Halloween Gaming Finds – The Mars Attacks Dice Game

By Christopher Helton

During the month of October, the minds of gamers tend to turn to thoughts of more scary games than they would normally play. Whether they turn to games of horror, conspiracy or general weirdness for a Halloween gaming fix, gamers look for new and different experiences. Sometimes they turn to classics like Chaosium's Lovecraftian roleplaying game Call of Cthulhu, and other times they turn to other things. Throughout the month of October I am going to talk about some games, new and old, that can itch that Halloween scratch.

Back in August I first talked about the Mars Attacks Dice Game from Steve Jackson Games. I was able to play in a demo and pick up a copy of the game at Gen Con. It was by far one of the most fun gaming experiences that I had at the show.


The game is pretty easy to pick up, the rules are a four page pamphlet that come in the box. I have been able to explain how to play them in just a couple of minutes, using a quick demonstration of the dice. The rules themselves are clearly written and easy to understand, so figuring out the game is easy.


The box says that a game lasts about 20 minutes, but I found that play was actually a little longer than that, usually averaging about half an hour for a game. The time frame was nice because it allows for the potential of playing more than once in an evening. I am, at best, a casual gamer when it comes to board/ dice/card games, and the game engaged me and kept me wanting to play.


Are the mechanics simple? I thought so, but there is still room for strategy (not to mention trying to screw over other players) to keep the game from being simplistic. I would like to figure out a two player variant of the game, because I think that would open up more playing opportunities for me, but with 3-5 people playing you can get a fun game that doesn't bog down with all of the people.

Fans of Mars Attacks from the movie, or the old trading cards, shouldn't have a problem with this game. The themes of the cards and the movie are still there, along with the macabre sense of humor. The players in the Mars Attacks Dice Game are basically the leaders of Martian invaders who are attempting to conquer and/or destroy various cities and landmarks. Game play is driven by the symbols on the dice – Martians, rayguns or nukes – with each having a different action within the game. Rayguns allow you to capture cities, Martians can allow you to capture landmarks or reroll and nukes, well, destroy things. Get too many nukes and your turn is over.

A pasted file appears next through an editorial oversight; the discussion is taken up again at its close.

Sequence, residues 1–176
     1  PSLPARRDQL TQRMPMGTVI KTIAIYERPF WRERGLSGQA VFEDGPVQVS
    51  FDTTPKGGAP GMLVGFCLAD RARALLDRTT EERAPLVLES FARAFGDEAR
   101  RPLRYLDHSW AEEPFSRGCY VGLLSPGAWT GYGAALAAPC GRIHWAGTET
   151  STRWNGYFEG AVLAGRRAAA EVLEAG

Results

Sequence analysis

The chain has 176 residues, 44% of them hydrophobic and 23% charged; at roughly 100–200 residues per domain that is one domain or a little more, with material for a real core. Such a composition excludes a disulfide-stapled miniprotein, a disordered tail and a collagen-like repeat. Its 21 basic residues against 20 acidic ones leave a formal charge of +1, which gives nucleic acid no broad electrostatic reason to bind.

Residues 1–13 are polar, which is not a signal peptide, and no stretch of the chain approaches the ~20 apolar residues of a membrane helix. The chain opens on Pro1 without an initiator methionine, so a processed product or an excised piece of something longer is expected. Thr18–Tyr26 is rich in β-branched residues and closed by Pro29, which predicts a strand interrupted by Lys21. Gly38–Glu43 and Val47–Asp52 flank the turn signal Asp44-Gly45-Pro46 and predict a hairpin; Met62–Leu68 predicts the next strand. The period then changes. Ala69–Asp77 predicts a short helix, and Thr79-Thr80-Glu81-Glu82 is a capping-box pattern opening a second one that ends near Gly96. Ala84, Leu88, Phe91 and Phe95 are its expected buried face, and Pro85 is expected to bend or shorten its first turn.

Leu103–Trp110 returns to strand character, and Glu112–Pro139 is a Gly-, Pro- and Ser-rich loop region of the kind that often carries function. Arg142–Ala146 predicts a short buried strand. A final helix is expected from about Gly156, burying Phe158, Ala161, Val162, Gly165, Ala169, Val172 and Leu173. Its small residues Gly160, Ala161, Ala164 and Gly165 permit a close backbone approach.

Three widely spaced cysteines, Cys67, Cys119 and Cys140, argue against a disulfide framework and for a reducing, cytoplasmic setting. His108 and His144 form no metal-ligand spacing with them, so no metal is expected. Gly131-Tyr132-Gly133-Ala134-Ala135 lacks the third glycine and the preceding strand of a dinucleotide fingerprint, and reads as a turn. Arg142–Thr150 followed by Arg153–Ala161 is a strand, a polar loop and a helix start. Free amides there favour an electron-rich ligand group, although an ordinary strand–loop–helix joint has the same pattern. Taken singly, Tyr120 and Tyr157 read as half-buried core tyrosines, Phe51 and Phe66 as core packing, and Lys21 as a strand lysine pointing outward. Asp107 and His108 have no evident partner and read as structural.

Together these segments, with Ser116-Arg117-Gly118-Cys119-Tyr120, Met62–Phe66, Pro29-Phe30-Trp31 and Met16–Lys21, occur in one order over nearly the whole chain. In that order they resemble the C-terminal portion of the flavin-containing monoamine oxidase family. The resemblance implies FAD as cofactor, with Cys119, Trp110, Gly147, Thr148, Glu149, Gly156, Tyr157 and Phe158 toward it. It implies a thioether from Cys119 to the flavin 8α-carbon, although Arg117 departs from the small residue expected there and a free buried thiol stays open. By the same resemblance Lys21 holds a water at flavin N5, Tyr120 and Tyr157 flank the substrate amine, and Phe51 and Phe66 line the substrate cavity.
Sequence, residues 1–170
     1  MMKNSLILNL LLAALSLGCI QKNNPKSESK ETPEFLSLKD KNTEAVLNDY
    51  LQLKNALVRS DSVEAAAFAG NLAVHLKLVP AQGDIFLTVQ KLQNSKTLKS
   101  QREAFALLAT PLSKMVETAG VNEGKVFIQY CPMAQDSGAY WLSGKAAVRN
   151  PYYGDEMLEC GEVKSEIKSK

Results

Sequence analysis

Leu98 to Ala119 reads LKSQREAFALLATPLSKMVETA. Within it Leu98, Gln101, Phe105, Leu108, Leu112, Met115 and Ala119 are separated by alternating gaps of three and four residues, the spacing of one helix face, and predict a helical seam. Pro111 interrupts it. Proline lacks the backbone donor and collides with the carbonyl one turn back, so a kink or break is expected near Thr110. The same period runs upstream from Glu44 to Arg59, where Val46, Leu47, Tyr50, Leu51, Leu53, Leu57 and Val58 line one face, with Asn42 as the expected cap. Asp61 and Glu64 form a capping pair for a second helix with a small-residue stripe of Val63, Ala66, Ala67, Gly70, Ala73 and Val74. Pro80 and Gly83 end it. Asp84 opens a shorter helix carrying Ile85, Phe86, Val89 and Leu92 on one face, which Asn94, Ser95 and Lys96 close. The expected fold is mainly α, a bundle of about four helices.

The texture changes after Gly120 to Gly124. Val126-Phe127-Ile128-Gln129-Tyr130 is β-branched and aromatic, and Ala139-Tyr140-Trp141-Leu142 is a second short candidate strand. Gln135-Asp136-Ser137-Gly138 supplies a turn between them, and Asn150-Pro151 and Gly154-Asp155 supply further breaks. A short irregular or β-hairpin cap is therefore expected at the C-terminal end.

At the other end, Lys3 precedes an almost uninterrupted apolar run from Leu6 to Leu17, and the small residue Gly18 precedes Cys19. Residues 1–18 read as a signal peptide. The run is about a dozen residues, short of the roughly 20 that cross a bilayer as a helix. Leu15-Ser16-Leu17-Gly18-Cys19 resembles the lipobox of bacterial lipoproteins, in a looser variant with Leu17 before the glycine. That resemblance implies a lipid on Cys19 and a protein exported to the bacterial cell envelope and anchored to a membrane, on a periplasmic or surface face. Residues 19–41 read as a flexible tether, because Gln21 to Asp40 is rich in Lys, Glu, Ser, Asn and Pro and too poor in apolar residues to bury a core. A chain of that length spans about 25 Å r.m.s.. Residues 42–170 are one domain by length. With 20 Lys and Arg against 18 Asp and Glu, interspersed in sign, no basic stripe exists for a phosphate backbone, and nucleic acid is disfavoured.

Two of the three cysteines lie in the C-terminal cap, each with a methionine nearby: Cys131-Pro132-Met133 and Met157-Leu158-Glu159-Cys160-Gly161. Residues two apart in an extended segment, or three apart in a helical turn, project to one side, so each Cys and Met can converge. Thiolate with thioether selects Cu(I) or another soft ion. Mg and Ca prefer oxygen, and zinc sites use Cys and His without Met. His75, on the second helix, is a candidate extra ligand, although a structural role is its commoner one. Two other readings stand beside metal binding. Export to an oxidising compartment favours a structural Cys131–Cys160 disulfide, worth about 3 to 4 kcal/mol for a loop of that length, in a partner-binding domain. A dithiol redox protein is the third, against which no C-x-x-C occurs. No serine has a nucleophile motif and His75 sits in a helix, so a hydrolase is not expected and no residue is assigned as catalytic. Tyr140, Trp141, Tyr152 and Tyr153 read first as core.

The number of nukes that can end a turn is variable, and can potentially change from round to round as city and landmark cards are captured and brought into play. Part of the strategy comes in deciding whether to risk your Martian rerolls for more rayguns or potential turn ending nukes. Special rules on city and landmark cards can also bring variety into the game, but not so much that it is confusing.

Play continues until all of the cities and landmarks are captured. At that point everyone totals the victory points of their cards, with the winner having the highest total. Then you play again. And again.


Playing the Mars Attacks Dice Game was a definite Gen Con high point for me, and now that this game is out in general release, I hope that it catches on with others as it did with me. Play is fast and easy, and can be used to fill time while waiting for trick or treaters…or Martian hordes. It is definitely worth the $19.95 on the replay value alone.

Christopher Helton is a blogger, podcaster and tabletop RPG publisher who talks about games and other forms of geekery at the long-running Dorkland! blog. He is also the co-publisher at the ENnie Award winning Battlefield Press, Inc.  You can find him on Twitter at @dorkland and on G+ at https://plus.google.com/+ChristopherHelton/ where he will talk your ear off about gaming and comics.

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About Christopher Helton

A geek blogger and rogue game designer. Lead writer for the Dorkland! blog (http:http://dorkland.blogspot.com ) and co-publisher of the ENnie Awarding winning tabletop RPG company Battlefield Press, Inc.
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